Association between gait and cognition in an elderly population based sample.
Valkanova V., Esser P., Demnitz N., Sexton CE., Zsoldos E., Mahmood A., Griffanti L., Kivimäki M., Singh-Manoux A., Dawes H., Ebmeier KP.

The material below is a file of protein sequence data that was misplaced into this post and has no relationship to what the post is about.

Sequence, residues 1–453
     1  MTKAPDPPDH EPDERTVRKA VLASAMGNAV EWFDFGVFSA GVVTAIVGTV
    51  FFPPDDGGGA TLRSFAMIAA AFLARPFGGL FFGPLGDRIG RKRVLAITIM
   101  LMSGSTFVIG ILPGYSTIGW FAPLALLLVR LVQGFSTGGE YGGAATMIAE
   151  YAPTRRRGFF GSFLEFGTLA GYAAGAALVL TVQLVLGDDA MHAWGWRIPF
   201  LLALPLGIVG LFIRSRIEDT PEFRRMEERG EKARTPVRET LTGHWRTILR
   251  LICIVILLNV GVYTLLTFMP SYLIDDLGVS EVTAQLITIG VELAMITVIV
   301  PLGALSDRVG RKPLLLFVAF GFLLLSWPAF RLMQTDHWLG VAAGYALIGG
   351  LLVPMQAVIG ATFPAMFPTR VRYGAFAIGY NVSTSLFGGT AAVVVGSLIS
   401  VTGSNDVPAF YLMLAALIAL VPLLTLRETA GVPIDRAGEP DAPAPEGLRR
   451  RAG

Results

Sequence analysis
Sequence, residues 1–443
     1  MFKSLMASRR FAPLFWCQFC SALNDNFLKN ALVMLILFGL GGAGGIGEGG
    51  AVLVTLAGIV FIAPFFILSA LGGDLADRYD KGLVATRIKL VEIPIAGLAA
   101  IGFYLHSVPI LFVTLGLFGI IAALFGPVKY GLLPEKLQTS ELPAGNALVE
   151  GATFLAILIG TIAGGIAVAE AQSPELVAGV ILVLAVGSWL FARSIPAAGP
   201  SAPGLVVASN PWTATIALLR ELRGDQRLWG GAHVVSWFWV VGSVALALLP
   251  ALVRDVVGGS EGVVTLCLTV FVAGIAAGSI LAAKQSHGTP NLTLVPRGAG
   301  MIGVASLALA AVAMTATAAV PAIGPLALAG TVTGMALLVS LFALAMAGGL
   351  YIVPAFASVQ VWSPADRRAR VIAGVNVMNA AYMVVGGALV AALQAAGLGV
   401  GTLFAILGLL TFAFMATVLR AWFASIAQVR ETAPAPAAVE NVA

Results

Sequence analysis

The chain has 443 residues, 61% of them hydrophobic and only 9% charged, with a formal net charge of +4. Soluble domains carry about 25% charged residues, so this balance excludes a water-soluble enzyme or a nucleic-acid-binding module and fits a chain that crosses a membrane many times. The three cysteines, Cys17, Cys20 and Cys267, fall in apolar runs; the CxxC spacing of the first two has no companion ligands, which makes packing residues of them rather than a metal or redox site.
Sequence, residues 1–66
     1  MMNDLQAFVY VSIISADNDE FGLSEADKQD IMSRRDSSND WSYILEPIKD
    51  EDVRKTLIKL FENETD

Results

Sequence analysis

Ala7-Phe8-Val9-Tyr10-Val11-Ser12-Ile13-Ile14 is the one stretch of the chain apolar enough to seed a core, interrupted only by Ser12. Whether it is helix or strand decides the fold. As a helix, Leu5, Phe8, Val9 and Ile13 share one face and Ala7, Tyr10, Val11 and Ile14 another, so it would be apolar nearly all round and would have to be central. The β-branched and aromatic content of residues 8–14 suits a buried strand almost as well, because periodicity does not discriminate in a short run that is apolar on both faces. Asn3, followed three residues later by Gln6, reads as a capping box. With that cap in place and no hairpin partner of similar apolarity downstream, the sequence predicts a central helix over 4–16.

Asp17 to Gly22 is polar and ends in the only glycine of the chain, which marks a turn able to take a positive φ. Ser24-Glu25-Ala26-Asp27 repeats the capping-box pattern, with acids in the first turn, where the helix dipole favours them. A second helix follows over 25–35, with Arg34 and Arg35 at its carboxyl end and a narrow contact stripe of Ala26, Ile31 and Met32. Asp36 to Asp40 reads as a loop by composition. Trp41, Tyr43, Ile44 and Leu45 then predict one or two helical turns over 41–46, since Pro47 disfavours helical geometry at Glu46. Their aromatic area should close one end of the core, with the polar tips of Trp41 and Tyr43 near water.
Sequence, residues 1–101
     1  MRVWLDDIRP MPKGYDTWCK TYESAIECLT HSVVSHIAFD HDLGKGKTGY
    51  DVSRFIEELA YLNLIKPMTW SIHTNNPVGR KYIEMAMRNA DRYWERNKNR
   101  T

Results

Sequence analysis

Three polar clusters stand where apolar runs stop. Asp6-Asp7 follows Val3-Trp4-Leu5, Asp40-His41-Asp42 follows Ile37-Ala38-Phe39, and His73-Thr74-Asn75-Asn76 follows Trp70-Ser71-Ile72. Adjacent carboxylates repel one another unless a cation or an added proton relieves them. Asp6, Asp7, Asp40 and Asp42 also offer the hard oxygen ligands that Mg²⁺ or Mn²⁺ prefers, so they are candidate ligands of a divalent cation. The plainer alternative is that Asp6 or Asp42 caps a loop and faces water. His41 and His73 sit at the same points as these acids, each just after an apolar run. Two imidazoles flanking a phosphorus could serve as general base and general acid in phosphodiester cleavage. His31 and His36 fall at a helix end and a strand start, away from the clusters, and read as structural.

BACKGROUND: Gait is thought to have a cognitive component, but the current evidence in healthy elderly is mixed. We studied the association between multiple gait and cognitive measures in a cohort of older people. METHODS: One hundred and seventy-eight cognitively healthy participants from the Whitehall II Imaging Sub-study had a detailed clinical and neuropsychological assessment, as well as an MRI scan. Spatiotemporal and variability gait measures were derived from two 10 m walks at self-selected speed. We did a linear regression analysis, entering potential confounders with backwards elimination of variables with p ≥ 0.1. The remaining variables were then entered into a second regression before doing a stepwise analysis of cognitive measures, entering variables with p 0.05). CONCLUSIONS: No strong relationship between gait and non-motor cognition was observed in a cognitively healthy, high functioning sample of elderly. Nevertheless, we found some relationships with spatial, but not temporal gait which warrant further investigation. WMH made no independent contributionto gait.